Seeing it, and thinking about it stopped me in my tracks, I took a break from blogging, and I actually started to enjoy films and tv again, because it was for fun, not an examination and a reviewing exercise to be undertaken. My crazy life in 2016 got a bit in the way as well, but the second half of 2016 was definitely a lot less productive and for the better really.

So what are my plans for 2017 and A Young Writer’s Notebook? Well I haven’t really got one yet.

I still have my current writing series Book (Re) Writing to dip into, but that doesn’t really have a structured plan; it is more of on outlet for me rather than as a guide for others. I have a few loose ends I’d like to tie up on some of the franchise reviews I have, and I think I might revisit a few thoughts I’ve had in the past about these franchises, but actually other than that I haven’t got a clue.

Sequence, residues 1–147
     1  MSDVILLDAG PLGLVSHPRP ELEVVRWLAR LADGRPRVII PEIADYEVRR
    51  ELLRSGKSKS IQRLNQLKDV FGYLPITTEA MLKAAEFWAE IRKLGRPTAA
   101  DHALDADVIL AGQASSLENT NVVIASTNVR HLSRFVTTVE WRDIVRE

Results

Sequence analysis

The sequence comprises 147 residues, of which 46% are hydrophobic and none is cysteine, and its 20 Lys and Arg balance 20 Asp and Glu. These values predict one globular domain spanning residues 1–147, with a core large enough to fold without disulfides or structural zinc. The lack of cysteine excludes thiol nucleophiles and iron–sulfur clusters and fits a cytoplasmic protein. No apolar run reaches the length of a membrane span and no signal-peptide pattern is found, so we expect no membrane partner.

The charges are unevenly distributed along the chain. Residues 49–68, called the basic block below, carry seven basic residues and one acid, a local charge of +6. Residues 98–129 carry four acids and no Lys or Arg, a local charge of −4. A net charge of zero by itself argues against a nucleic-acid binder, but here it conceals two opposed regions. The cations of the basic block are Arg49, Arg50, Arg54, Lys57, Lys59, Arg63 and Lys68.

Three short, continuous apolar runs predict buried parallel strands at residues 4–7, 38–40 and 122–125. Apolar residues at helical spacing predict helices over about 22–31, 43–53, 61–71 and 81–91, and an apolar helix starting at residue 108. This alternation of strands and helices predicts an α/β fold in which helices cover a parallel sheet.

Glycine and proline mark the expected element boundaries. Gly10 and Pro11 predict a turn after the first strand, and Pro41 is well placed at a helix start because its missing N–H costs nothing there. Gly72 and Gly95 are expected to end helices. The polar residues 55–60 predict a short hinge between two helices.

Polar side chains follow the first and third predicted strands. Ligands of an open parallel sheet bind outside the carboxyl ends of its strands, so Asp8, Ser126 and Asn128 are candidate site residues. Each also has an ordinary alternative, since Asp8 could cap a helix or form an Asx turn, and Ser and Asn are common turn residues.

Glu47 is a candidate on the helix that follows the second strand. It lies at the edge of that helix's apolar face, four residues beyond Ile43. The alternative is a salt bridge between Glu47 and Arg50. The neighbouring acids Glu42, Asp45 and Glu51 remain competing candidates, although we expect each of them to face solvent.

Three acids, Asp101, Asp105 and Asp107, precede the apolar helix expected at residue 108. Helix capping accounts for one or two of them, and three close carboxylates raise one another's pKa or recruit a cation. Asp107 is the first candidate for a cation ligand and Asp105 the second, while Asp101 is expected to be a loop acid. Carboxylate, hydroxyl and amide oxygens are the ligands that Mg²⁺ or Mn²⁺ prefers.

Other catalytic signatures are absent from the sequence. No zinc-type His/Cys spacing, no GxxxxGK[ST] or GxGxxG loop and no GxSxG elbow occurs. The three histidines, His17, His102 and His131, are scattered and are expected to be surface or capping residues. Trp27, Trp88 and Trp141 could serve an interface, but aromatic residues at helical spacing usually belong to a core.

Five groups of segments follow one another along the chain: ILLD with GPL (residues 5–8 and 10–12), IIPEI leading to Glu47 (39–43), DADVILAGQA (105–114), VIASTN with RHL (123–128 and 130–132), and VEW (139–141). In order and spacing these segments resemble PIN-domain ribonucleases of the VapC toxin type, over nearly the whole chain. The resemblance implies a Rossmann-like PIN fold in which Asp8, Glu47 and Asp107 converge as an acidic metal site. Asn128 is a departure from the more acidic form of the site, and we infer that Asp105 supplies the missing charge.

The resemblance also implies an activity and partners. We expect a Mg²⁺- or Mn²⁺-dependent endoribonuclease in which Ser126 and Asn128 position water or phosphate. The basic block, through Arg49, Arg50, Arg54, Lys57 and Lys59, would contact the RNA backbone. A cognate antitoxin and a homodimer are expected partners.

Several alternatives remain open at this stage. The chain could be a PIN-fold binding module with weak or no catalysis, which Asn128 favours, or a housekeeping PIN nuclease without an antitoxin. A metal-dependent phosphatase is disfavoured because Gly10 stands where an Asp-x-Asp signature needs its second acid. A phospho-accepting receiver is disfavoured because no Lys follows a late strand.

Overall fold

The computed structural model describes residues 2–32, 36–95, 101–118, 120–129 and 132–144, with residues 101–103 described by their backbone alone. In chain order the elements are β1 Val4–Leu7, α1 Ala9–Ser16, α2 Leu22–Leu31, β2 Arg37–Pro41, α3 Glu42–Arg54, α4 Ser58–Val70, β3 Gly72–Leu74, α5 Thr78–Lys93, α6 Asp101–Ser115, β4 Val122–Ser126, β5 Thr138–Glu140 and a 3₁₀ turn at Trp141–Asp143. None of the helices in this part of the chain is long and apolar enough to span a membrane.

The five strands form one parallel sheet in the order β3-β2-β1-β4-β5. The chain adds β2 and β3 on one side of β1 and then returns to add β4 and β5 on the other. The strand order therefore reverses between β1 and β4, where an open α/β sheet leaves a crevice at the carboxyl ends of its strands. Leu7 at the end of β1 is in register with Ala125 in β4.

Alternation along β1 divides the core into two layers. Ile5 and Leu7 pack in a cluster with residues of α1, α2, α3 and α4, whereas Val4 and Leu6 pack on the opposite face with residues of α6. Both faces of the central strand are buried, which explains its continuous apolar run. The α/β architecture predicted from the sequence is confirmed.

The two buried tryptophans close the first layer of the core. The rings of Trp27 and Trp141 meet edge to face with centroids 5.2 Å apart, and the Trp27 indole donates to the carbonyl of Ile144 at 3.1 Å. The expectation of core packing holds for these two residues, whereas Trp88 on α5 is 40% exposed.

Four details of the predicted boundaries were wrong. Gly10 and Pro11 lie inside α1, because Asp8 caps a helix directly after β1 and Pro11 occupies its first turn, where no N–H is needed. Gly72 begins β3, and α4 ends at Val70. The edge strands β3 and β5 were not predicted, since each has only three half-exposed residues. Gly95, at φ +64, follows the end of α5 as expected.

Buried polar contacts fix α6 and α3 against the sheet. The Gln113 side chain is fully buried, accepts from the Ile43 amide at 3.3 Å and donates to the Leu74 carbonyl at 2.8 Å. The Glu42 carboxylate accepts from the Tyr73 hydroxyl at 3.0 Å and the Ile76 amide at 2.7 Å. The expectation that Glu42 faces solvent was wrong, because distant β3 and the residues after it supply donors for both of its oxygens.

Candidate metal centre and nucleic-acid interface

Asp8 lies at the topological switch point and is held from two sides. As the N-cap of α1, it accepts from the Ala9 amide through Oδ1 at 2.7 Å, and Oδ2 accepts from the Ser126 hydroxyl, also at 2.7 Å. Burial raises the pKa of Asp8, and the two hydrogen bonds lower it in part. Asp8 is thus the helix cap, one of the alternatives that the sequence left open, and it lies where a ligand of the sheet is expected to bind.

And I think I will be happier for it.

TV Review: Agent Carter – Season 2


agent carter season 2

It took me a while to connect to the second season of Agent Carter, certainly longer than it did with season one, but the show is still utterly brilliant, and the storyline in season two is even better than the first season.

I think the reason it took me a bit longer to connect to what they were doing in season two has to do with the fact that the creators no longer needed to prove to the audience that a woman is able to be multi-dimensional and a capable character, while also being the lead. Throughout all of season one it was all about proving that Peggy Carter is deserving of the job she has earned and being respected as a capable woman.